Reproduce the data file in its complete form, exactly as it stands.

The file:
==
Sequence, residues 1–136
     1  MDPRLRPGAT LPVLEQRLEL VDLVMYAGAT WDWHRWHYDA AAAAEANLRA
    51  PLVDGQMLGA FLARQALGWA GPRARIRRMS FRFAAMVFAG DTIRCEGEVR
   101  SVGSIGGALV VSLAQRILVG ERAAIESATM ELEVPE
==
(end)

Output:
Sequence, residues 1–136
     1  MDPRLRPGAT LPVLEQRLEL VDLVMYAGAT WDWHRWHYDA AAAAEANLRA
    51  PLVDGQMLGA FLARQALGWA GPRARIRRMS FRFAAMVFAG DTIRCEGEVR
   101  SVGSIGGALV VSLAQRILVG ERAAIESATM ELEVPE